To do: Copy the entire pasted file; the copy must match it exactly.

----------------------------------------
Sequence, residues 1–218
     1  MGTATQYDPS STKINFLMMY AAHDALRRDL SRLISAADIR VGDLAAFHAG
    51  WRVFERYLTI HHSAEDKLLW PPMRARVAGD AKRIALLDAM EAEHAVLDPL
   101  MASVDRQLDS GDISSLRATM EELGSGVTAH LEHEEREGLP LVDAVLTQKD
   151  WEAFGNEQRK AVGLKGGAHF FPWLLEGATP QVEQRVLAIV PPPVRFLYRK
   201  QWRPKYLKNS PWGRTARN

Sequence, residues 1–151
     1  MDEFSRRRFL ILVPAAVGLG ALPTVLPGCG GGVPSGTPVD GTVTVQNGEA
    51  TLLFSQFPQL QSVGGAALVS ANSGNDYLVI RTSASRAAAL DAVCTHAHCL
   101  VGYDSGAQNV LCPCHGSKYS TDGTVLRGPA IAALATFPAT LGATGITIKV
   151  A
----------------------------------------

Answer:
Sequence, residues 1–218
     1  MGTATQYDPS STKINFLMMY AAHDALRRDL SRLISAADIR VGDLAAFHAG
    51  WRVFERYLTI HHSAEDKLLW PPMRARVAGD AKRIALLDAM EAEHAVLDPL
   101  MASVDRQLDS GDISSLRATM EELGSGVTAH LEHEEREGLP LVDAVLTQKD
   151  WEAFGNEQRK AVGLKGGAHF FPWLLEGATP QVEQRVLAIV PPPVRFLYRK
   201  QWRPKYLKNS PWGRTARN

Sequence, residues 1–151
     1  MDEFSRRRFL ILVPAAVGLG ALPTVLPGCG GGVPSGTPVD GTVTVQNGEA
    51  TLLFSQFPQL QSVGGAALVS ANSGNDYLVI RTSASRAAAL DAVCTHAHCL
   101  VGYDSGAQNV LCPCHGSKYS TDGTVLRGPA IAALATFPAT LGATGITIKV
   151  A